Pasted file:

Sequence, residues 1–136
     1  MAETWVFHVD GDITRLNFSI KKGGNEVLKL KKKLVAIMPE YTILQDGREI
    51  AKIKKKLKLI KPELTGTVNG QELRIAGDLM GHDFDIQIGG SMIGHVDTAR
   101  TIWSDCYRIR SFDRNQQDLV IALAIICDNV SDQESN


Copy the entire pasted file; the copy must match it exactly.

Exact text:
Sequence, residues 1–136
     1  MAETWVFHVD GDITRLNFSI KKGGNEVLKL KKKLVAIMPE YTILQDGREI
    51  AKIKKKLKLI KPELTGTVNG QELRIAGDLM GHDFDIQIGG SMIGHVDTAR
   101  TIWSDCYRIR SFDRNQQDLV IALAIICDNV SDQESN